- Study design
This study was a single-center, observational, registry-based cohort study conducted at the ED of a university-affiliated teaching hospital in Seoul, Korea, which receives approximately 110,000 patients per year. We retrospectively analyzed prospectively collected registry data of all consecutive adult (age ≥ 18 years), non-traumatic IHCA and OHCA patients treated in the ED between January 2014 and June 2017. Patients were excluded if they were younger than 18 years, had do-not-resuscitate status, were dead upon arrival at the ED, or if return of spontaneous circulation (ROSC) occurred before arrival at the ED. Our institutional review board approved the study and waived the requirement for informed consent (study number S2017-1004).
Our ED had 7 zones with a total of 65 beds, including 2 beds in the CPR zone, 3 beds in the isolation rooms for airborne-transmitted disease, 37 beds in the intensive care zone, and 23 in the zone for boarding or ambulatory care. For simplification of analysis, we classified the ED zone into two zones: the critical zone for patients in need of CPR, isolation, or intensive care and the urgent zone for patients intended to be admitted to the hospital, discharged to home or another facility, or to receive ambulatory care. During the study period, the ED had an average of 16 board-certified emergency physicians, 24 residents, and 90 nurses. The study facility had 24-hour consultants including cardiologists, vascular surgeons, neurologists, neurosurgeons, interventional radiologists, and orthopedic surgeons.
- Data collection
All patients presenting with OHCA and IHCA were registered in the CPR registry of our hospital. For each patient, an emergency physician on duty recorded a CPR report using the Utstein style, and the data were verified and entered into the web-based registry by the principal investigator.
Data included demographic characteristics, medical history, and characteristics of CPR, such as do-not-resuscitate (DNR) during or after CPR, if death occurred in the ED, whether the arrest was witnessed, the initially reported rhythm, time of first defibrillation, time of first epinephrine injection, time of intubation, total CPR duration, and whether ROSC occurred. Also, the registry contained information about hospital treatment and clinical outcomes, such as disposition of the hospital discharge, length of stay, and neurologic status at discharge. Achievement of sustained ROSC was declared when patients had a noticeable pulse for longer than 20 minutes. Neurologic status was quantified based on cerebral performance category (CPC) scales at the time of hospital discharge.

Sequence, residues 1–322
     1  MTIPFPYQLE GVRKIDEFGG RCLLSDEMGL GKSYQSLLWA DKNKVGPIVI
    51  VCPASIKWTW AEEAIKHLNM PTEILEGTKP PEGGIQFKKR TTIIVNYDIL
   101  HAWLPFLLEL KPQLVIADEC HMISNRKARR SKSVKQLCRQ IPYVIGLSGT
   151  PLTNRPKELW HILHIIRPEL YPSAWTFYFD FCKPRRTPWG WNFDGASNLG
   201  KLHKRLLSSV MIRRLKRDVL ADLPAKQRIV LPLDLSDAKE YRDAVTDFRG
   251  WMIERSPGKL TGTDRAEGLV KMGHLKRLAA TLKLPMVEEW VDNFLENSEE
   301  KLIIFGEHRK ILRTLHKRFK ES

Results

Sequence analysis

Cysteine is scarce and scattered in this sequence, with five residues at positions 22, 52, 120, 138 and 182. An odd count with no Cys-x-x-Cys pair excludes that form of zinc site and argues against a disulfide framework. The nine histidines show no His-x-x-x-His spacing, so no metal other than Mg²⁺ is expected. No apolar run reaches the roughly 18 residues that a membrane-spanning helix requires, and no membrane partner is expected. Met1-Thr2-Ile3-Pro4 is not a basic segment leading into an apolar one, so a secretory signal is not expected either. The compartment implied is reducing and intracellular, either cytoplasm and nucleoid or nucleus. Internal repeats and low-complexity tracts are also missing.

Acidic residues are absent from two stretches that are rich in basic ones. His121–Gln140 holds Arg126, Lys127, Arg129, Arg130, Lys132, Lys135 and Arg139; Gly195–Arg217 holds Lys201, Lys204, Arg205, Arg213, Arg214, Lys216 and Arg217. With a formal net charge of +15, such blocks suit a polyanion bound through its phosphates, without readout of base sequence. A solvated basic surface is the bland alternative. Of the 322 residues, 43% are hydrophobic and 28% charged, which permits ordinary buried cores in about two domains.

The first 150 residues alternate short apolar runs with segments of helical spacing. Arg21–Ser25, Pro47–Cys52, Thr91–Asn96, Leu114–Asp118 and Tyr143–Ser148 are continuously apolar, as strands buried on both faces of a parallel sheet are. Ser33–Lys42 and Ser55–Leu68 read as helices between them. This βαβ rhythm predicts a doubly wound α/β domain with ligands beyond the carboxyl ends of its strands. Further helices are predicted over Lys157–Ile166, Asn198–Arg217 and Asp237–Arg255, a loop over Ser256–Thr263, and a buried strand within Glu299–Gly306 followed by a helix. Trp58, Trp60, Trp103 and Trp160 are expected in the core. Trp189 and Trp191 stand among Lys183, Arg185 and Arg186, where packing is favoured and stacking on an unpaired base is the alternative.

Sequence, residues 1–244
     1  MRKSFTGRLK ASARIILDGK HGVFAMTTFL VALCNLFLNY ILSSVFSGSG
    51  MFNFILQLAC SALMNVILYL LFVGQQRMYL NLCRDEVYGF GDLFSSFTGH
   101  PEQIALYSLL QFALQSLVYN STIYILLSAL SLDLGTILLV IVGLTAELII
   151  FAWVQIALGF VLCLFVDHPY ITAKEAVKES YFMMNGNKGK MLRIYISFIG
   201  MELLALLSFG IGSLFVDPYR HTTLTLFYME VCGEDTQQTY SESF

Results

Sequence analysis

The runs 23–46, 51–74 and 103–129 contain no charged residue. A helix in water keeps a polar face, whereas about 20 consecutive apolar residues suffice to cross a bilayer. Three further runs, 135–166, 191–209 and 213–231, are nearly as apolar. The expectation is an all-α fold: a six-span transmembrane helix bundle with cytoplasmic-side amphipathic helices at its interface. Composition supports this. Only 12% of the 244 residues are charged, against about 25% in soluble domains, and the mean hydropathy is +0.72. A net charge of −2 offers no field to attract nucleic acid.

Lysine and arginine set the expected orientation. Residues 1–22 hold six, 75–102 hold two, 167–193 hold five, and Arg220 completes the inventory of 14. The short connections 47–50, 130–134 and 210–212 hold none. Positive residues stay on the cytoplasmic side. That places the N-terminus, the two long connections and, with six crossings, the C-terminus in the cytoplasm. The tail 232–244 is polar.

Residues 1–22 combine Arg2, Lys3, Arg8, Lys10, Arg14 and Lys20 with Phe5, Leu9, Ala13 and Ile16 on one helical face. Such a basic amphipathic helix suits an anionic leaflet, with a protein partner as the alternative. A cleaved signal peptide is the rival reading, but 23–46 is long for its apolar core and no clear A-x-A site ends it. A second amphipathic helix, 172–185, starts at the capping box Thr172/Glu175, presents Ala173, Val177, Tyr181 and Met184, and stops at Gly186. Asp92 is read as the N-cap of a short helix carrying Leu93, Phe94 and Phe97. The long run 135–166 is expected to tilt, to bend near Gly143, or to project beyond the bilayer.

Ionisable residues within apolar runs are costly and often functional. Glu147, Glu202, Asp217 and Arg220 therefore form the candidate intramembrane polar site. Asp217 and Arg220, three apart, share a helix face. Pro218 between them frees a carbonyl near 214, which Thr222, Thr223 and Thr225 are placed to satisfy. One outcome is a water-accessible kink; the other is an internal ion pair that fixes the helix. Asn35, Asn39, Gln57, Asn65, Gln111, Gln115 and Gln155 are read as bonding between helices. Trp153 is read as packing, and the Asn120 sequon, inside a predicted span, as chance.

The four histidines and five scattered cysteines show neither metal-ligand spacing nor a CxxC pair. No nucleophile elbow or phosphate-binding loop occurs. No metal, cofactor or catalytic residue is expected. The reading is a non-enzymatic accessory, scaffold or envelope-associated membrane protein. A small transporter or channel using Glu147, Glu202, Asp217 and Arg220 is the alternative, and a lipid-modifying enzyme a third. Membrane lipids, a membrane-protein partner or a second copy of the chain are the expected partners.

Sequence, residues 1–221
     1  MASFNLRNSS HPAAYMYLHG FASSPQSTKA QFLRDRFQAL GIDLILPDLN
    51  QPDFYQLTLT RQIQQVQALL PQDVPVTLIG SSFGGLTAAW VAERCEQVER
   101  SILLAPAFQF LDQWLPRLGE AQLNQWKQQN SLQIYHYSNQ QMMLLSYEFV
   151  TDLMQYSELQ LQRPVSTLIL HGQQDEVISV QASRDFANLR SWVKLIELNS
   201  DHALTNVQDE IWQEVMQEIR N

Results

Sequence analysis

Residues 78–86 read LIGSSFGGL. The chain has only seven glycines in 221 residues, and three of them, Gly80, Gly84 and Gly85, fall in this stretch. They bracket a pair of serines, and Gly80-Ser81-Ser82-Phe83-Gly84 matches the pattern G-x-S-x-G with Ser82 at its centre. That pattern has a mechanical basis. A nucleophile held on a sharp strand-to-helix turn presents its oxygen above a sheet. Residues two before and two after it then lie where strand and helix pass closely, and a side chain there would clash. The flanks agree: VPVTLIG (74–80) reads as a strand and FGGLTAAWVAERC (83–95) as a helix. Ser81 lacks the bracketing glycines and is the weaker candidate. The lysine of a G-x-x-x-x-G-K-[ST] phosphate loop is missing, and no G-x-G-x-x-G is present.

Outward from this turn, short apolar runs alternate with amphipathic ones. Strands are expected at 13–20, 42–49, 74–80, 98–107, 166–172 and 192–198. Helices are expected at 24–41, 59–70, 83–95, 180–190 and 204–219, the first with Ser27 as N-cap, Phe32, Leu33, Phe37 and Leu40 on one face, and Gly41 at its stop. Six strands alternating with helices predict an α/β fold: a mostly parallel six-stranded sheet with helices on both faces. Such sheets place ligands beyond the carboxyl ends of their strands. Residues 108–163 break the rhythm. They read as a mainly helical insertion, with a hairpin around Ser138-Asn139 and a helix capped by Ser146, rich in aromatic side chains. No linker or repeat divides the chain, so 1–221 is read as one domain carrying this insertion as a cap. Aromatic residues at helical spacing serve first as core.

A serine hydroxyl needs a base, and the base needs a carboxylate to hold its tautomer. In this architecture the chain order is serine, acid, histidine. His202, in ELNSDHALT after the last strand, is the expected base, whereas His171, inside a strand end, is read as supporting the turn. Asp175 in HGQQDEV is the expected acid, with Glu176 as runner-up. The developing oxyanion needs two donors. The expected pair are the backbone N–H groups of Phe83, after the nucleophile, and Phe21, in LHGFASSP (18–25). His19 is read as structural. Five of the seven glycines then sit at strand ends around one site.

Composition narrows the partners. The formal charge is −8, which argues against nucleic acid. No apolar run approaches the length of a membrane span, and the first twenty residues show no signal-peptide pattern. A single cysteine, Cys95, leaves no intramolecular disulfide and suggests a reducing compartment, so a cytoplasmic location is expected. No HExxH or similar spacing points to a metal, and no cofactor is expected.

We used ED occupancy rate as an overcrowding index. ED occupancy rate was defined as the ratio of the total number of ED patients to the number of beds in the ED. Although there is no universal consensus on overcrowding measurement, ED occupancy rate is one of the most promising quantifiable methods.[18,19] It is essential that the ED occupancy rate is automatically updated periodically since this data has a time-series nature; our electronic medical record system automatically collects variables necessary for ED occupancy rate calculation at one-hour intervals. Previous studies using ED occupancy rate only measured occupancy at ED presentation.[20–22] To evaluate if other times during an ED cardiac arrest were associated with crowding levels, we measured ED occupancy rates of both IHCA and OHCA cases at presentation, at time of arrest, at time of maximum occupancy, and the average during ED stay. We then calculated the accumulated ED stay time of all patients. Finally, cardiac arrest occurrence at each specific ED occupancy rate time point was calculated based on the number of cardiac arrest patients at a certain range of ED occupancy rate (e.g., 0.9-1.1) divided by the accumulated time of each ED occupancy rate during the study period.
The primary outcome was the correlation between the four ED occupancy rate measurements and the occurrence rate of unexpected cardiac arrest during ED stay. The secondary outcome was comparing clinical outcomes of IHCA and OHCA.
- Statistical analysis
All continuous variables were expressed as median with interquartile range (IQR). The Mann-Whitney U test was used to compare the values of continuous variables. Categorical variables were analyzed with the chi-square test or with the Fisher exact test. Normality of distribution was examined by the Kolmogorov–Smirnov test. Differences between means were calculated by one-way analysis of variance or Kruskal-Wallis test. We assessed the correlation between ED occupancy rate and cardiac arrest occurrence by calculating the Spearman rank correlation coefficient. For all analyses, a two-sided P value of < .05 was considered to indicate a statistically significant difference. Statistical analyses were performed by using R version 3.5.0 (R Foundation for Statistical Computing, Vienna, Austria).